“There is absolutely nothing in the subject charge-sheet, by way of any specific or particularised allegation that would show the possible commission of a “terrorist act”…

In the judgment granting Tanha bail, the High Court, said that “there is complete lack of any specific, particularised, factual allegation, that is to say allegations other than those sought to be spun by mere grandiloquence…”

The High Court observed, “Foisting extremely grave and serious penal provisions engrafted in sections 15, 17 and 18 UAPA frivolously upon people, would undermine the intent and purpose of the Parliament in enacting a law that is meant to address threats to the very existence of our Nation. Wanton use of serious penal provisions would only trivialise them.”

In Tanha’s case, the High Court said that it had been able to “discern only one specific, particular and overt act that the appellant is stated to have committed” — the handing over a SIM card given to him by someone else to a co-conspirator and co-accused. “Other than this one action that is specially attributed to the appellant, this court is unable to discern any other act or omission attributed specially to the appellant,” the High Court said.  

Foisting extremely grave and serious penal provisions engrafted in sections 15, 17 and 18 UAPA frivolously upon people, would undermine the intent and purpose of the Parliament…

For Natasha Narwal and Devangana Kalita, the Delhi High Court said that the government had not prohibited protests, and if the protests were non-peaceful, it was a matter of other cases in which she had already been granted bail. For both women, the Delhi High Court said, “‘no specific, particularised or definite act’ is attributed to the appellant, apart from the admitted fact that she engaged herself in organising anti-CAA and anti-NRC protests around the time when violence and rioting broke out in certain parts of northeast Delhi.”

Noting that the instructions issued by the main accused are not directed at Narwal, the High Court said, “In our reading of the subject matter charge-sheet and the material included in it, therefore, are not even borne from the material on which they are based. The state cannot thwart the grant of bail merely by confusing issues.”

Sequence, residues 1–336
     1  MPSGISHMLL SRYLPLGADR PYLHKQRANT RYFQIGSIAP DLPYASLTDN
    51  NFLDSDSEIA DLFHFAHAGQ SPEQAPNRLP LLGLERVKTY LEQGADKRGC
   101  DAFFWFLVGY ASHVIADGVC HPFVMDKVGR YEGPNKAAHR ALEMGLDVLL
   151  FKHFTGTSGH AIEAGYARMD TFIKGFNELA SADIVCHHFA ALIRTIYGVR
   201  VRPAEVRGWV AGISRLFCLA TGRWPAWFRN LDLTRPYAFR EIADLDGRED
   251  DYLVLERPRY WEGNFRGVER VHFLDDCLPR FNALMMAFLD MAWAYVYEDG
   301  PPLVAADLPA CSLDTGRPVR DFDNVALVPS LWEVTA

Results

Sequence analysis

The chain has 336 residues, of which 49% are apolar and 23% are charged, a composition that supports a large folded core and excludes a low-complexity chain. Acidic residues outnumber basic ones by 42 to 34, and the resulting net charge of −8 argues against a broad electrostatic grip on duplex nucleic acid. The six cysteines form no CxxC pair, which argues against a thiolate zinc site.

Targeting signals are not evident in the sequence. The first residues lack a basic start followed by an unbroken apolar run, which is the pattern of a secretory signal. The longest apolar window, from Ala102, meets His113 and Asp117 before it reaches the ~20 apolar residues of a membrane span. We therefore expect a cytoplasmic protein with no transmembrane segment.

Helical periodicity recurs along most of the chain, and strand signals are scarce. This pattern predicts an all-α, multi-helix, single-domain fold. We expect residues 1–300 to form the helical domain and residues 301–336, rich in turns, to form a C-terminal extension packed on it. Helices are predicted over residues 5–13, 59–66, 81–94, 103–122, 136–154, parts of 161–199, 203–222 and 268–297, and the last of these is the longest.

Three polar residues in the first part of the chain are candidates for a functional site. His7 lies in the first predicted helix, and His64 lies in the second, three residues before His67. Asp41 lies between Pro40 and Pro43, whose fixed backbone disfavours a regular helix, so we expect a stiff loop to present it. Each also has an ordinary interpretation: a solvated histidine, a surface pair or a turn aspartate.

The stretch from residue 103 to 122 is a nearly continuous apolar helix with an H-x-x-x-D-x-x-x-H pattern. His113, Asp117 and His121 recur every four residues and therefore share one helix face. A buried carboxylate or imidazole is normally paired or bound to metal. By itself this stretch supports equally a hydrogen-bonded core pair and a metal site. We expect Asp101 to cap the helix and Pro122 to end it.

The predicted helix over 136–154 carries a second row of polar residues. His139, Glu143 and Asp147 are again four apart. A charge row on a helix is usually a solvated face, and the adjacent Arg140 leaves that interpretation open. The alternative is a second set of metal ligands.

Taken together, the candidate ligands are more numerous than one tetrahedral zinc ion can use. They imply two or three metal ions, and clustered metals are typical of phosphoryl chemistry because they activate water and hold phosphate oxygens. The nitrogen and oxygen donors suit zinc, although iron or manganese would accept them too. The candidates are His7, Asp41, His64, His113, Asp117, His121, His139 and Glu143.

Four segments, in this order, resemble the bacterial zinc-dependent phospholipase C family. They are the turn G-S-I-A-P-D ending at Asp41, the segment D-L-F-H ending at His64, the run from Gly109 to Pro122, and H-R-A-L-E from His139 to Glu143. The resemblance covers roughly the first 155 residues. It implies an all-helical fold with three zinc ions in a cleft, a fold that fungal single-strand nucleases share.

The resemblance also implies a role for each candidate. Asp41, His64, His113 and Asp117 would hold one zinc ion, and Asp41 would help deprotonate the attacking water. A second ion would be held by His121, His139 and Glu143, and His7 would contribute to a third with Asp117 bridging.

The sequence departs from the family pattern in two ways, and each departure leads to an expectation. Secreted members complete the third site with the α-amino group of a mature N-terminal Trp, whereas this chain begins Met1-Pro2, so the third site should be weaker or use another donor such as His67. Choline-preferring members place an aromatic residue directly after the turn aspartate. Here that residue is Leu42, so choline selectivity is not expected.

The state cannot thwart the grant of bail merely by confusing issues.

Noting the same for Kalita, the High  Court said, “We are afraid, that in our opinion, shorn-off the superfluous verbiage, hyperbole and the stretched inferences drawn from them by the prosecuting agency, the factual allegations made against the appellant do not prima facie disclose the commission of any offence under sections 15, 17 or 18 of UAPA.”

…shorn-off the superfluous verbiage, hyperbole and the stretched inferences drawn from them by the prosecuting agency…

The High Court for Narwal said that allegations relating to inflammatory speeches and organising of chakka jaam did not relate to the commission of a “terrorist act.”

“Allegations relating to inflammatory speeches, organising of chakka jaam, instigating women to protest and to stockpile various articles and other similar allegations, in our view, at worst are evidence that the appellant participated in organising protests, but we can discern no specific or particularised allegation, much less any material to bear out the allegation, that the appellant incited violence, what to talk  committing a terrorist act or a conspiracy or act preparatory to the commission of a terrorist act as understood in the UAPA,” it said. 

For Kalita, one the same issue, the High Court said that even if the court were to presume that there were inflammatory speeches, chakkajams, instigation of women protesters, to which she was a party, and these exceeded free speech protection under the Constitution, that would not amount to a “terrorist act”or a “conspiracy” or an “act preparatory” to the commission of a terrorist act under the UAPA. 

The High Court said, “We are constrained to express, that it seems, that in its anxiety to suppress dissent, in the mind of the state, the line of between the constitutionally guaranteed right to protest and terrorist activity seems to be getting somewhat blurred. If this mindset gains traction, it would be a sad day for democracy.”

If this mindset gains traction, it would be a sad day for democracy.